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Integral! (related to gamma function maybe?) \[\int\limits_{0}^{X}\frac{\lambda^3}{2}t^2e^{-\lambda t}dt

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Here it is: \[\int\limits_{0}^{X}\frac{\lambda^3}{2}t^2e^{-\lambda t}dt\] I tried doing this trying to relate it to a gamma function but myupper bound is not infinity :S: \[=\frac{\lambda^3}{2}\int\limits_{0}^{X}t^2e^{-\lambda t}dt\] \[Let : u=\lambda t =>t=u/t\]\[So: du=\lambda dt\]\[Bounds: u=0=>t=0 ; u=x=>t=x/\lambda\] \[\frac{\lambda^2}{2}\int\limits_{0}^{X/\lambda}(\frac{u}{\lambda})^2e^{-u}du\]\[=\frac{1}{2}\int\limits_{0}^{X/\lambda}u^{3-1}e^{-u}du\]
why do you not just use tabular method
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Other answers:

it's a special type of by parts.. you can do by parts also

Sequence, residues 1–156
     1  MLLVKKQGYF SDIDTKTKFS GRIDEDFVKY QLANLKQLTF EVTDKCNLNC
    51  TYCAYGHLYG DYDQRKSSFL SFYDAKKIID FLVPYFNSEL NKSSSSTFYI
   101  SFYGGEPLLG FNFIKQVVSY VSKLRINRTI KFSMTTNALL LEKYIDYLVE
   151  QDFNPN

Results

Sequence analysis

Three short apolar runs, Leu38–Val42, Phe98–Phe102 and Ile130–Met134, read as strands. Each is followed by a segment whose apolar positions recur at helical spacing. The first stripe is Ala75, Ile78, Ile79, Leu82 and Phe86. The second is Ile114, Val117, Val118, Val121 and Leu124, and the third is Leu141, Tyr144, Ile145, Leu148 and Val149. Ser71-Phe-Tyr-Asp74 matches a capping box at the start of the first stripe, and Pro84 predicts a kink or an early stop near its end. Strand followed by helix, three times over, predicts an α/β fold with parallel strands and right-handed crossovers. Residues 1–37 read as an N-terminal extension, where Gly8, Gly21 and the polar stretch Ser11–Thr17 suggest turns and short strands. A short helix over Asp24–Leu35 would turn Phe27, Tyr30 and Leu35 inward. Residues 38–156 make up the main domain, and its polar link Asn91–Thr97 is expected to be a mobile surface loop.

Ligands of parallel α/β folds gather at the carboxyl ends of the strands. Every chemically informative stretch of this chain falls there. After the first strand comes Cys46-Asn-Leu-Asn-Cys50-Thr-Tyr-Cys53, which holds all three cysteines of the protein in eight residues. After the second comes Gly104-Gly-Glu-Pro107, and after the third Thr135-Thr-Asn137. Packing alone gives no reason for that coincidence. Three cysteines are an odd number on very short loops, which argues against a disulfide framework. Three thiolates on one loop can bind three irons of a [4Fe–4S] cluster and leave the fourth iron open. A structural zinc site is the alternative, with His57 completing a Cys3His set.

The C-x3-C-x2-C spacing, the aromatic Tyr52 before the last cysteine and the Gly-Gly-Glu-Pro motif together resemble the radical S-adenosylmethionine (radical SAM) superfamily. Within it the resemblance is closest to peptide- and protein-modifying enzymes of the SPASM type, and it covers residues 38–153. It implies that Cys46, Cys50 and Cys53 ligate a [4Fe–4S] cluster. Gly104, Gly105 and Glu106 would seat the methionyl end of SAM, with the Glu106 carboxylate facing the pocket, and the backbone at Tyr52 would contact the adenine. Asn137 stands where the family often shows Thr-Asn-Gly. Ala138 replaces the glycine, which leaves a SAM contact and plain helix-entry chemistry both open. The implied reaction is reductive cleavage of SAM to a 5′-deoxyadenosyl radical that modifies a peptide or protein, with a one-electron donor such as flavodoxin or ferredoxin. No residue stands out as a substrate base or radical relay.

\[\int t^2e^{-yt}=\frac{-t^2e^{-yt}}{y}-\frac{2te^{-yt}}{y^2}-\frac{2e^{-yt}}{y^3}+c\]
Hmm interesting o_o!! As I was trying to do integration by parts, I realized I have to do it twice. Is this method related to doing int. by parts multiple times? same answer as mine only simplified and yes Tabular method is when you have something of this sort \[\int t^nf(t)dt\] you take the derivatives of the t to thepower until you get to zero giving them alternating signs and integrate the f(t) one more time than how many it takes the t power function goes to zero
look up tabular method for a derivation of this
Oh wow this is quite neat !! :) thank you so much
I can't believe they never taught this technique..

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